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Cursive: Vitriola Album Review | Pitchfork

Posted on June 04, 2018 by Resti
95 out of 100 based on 976 user ratings
Cursive: Vitriola Album Review | Pitchfork

You can argue that making a true anti-war movie is impossible. The cinematic treatment inevitably glamorizes conflict and prompts the audience to pick a side. Tim Kasher has the same issue. Cursive detractors and diehards can agree that the band’s classics, 2000’s Domestica and 2003’s The Ugly Organ, are cautionary tales of unchecked male insecurity. But Kasher turned divorce and artistic narcissism into such compelling theater that they could feel like endorsements.

Since 2003, he has tried to live up to and downplay The Ugly Organ while trying not to repeat it—the only thing more depressing than The Ugly Organ and Domestica themselves, after all, would be a married 44-year-old continuing to autopsy every last sexual and artistic failure. On Vitriola, the first Cursive album in six years, he revisits those career peaks from a different angle. This is the first Cursive record to feature original drummer Clint Schnase and Saddle Creek house producer Mike Mogis in 12 years, but, more important, the first with a cellist since The Ugly Organ. They haven’t sounded this inspired since.

Given his multiple projects and side-hustles, Kasher won’t make a Cursive record for any old thing. Cursive records have to be about the only things—marriage, art, sex, religion; even their least-imaginative work required a libretto. Though Cursive had already started work on new music in 2016, you can probably guess what motivated Kasher to finish this one. He faces the same issue as most artists who have recently pivoted to politics: Do you have an obligation to do more than restate the obvious? On Vitriola, screaming “I’ve had enough” suffices. “Free to Be or Not to Be You and Me” and “Under the Rainbow” aren’t expressing anything novel about existential torment or economic oppression. “It’s Gonna Hurt” doesn’t elaborate much beyond its declarative title, because it doesn’t need to.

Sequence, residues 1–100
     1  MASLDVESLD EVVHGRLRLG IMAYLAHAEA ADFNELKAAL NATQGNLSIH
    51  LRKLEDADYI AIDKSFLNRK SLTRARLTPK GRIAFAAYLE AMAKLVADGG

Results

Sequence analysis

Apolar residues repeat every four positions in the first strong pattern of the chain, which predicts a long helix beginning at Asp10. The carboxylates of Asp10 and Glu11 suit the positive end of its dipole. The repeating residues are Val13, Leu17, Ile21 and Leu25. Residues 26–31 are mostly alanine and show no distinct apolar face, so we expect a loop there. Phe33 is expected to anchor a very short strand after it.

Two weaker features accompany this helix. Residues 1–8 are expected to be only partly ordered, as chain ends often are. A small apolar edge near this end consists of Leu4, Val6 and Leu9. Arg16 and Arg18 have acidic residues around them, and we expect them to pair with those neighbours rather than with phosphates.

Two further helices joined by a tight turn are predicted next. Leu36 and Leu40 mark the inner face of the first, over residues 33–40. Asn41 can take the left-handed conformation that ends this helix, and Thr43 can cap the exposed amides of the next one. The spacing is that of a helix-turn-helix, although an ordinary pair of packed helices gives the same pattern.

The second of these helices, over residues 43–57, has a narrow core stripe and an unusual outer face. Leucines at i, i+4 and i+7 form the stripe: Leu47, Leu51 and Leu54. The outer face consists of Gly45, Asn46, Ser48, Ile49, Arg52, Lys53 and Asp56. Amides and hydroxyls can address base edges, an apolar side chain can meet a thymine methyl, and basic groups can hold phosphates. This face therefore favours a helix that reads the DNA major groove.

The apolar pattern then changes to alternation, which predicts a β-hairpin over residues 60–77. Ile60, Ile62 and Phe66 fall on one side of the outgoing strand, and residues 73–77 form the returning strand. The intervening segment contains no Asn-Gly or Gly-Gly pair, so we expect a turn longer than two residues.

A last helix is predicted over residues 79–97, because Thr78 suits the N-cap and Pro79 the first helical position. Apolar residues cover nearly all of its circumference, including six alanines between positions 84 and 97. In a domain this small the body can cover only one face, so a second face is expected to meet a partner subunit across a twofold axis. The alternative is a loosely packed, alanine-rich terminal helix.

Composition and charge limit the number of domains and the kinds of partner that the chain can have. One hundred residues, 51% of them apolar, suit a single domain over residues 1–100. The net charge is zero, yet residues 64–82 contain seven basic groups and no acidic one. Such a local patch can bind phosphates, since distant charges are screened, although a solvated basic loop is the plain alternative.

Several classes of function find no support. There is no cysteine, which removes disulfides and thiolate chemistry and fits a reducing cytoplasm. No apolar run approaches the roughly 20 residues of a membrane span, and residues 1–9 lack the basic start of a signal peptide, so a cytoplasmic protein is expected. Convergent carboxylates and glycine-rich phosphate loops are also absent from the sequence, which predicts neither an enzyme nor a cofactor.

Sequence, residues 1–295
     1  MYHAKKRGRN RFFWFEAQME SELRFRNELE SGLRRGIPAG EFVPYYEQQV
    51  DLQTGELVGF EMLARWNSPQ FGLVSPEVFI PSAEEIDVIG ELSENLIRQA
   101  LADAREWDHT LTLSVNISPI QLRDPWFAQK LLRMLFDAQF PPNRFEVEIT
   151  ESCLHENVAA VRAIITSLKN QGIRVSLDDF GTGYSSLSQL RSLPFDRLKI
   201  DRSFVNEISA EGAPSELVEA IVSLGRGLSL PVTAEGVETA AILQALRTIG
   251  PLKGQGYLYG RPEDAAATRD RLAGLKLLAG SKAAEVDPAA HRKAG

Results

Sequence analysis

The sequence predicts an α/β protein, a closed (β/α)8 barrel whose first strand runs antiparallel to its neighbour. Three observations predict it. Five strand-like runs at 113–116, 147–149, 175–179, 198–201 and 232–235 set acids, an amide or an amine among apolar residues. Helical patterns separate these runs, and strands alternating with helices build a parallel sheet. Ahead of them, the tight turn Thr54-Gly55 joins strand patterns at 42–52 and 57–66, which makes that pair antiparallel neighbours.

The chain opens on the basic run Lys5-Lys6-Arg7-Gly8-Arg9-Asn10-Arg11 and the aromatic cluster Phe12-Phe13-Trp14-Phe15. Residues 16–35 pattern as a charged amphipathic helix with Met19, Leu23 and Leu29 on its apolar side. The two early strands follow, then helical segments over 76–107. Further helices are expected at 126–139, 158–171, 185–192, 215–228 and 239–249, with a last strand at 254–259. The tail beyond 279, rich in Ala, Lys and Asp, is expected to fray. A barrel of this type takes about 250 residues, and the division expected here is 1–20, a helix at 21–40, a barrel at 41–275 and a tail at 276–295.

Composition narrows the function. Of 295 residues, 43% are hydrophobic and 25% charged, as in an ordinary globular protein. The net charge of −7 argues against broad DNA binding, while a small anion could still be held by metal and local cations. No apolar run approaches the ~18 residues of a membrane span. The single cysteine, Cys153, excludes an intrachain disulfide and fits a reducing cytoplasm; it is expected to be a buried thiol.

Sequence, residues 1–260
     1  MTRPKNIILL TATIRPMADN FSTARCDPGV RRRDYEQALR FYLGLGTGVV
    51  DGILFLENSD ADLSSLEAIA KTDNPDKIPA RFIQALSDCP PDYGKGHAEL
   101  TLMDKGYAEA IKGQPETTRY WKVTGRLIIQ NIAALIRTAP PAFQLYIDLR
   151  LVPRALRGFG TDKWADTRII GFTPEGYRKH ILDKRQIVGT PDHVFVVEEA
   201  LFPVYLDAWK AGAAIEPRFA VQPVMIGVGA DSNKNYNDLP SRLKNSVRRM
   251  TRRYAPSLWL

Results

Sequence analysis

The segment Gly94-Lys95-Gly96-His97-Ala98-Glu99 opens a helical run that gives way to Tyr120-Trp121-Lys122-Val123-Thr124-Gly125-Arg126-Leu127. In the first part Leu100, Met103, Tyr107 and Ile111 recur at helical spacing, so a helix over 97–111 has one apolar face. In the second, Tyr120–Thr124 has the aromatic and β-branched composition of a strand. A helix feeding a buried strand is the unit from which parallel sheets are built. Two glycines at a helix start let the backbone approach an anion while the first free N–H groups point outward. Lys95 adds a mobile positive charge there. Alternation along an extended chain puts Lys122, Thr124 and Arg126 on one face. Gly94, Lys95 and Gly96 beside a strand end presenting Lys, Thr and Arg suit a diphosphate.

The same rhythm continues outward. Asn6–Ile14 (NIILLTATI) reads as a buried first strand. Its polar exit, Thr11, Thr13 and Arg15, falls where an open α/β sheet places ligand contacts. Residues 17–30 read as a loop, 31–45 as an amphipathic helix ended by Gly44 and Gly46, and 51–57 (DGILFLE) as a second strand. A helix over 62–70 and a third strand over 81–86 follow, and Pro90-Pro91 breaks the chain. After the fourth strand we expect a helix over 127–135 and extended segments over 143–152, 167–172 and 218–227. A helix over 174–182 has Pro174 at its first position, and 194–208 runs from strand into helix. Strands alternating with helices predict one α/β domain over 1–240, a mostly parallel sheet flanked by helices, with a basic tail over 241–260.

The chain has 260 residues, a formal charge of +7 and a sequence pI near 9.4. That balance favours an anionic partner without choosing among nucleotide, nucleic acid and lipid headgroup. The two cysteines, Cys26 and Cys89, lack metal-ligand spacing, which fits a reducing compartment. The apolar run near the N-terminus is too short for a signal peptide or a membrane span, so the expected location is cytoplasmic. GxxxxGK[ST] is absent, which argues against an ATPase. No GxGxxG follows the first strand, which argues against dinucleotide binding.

Kasher may be a songwriter, a new label impresario, a bar owner, and often seen as synonymous with Cursive. But Cursive is still a band, one that once fashioned an orchestral version of punk where the pretty instruments became primitive prison weaponry. Bowed cellos sounded like a dulled handsaw. Pianos were pounded into wooden shards. The guitars would have twinkled were they not wadded into tinfoil balls. But swerving away from The Ugly Organ brought them toward the middle of the road, turning Cursive into a more conventional rock act. Since Vitriola is meant as a soundtrack to the horror show of daily life, much of it sounds like a second-wave emo band falling down a flight of stairs and hitting every one. And it’s not just the violence of Cursive’s early years that returns—their softer moments have never sounded so beautiful or vulnerable.

Kasher credits new multi-instrumentalist Patrick Newbery with the interlude “Remorse" and its fragile piano and feedback conjure a hungover sunrise so clearly even the title seems redundant. The anxiety of an overdraft fee is embedded in the pins-and-needles guitar flickers of “Life Savings.” “Noble Soldier/Dystopian Lament” slowly tightens the noose as Kasher gives a farewell address to his idealistic former self. Megan Siebe’s cello is the pure embodiment of Cursive, offering a stereotype of sadness while harboring a disturbing capacity for viciousness.

That used to be true for Kasher, too, but his poison pen has mellowed these days to a fatherly mix of earnestness and sarcasm. By the second track, he already makes his “our civil war ain’t so civil anymore” and “thoughts and prayers” quips. He used to call himself full of shit, but now he’s just full of scatological puns—at least three on “Pick Up the Pieces” alone. He grinds through “Ouroboros” for a seemingly interminable six minutes with time-for-some-game-theory lyricism: “The voice of man has been exposed as vitriol/Don’t gotta read between the HTML.”

If these “Weekend Update”-style wisecracks aren’t overly useful as a political tool, they’re at least helpful in confronting the day’s latest outrage. “I’ve been screaming for years/But it gets me nowhere,” he bleated on The Ugly Organ. He picked a good time to start screaming again, if only because so many others are, too, albeit to mixed results. On Vitriola, Cursive songs again supply the satisfaction of blaring your horn at a shitty driver or hanging up on a robocall—fighting against an encroaching sense of cosmic impotence with contained acts of victimless aggression.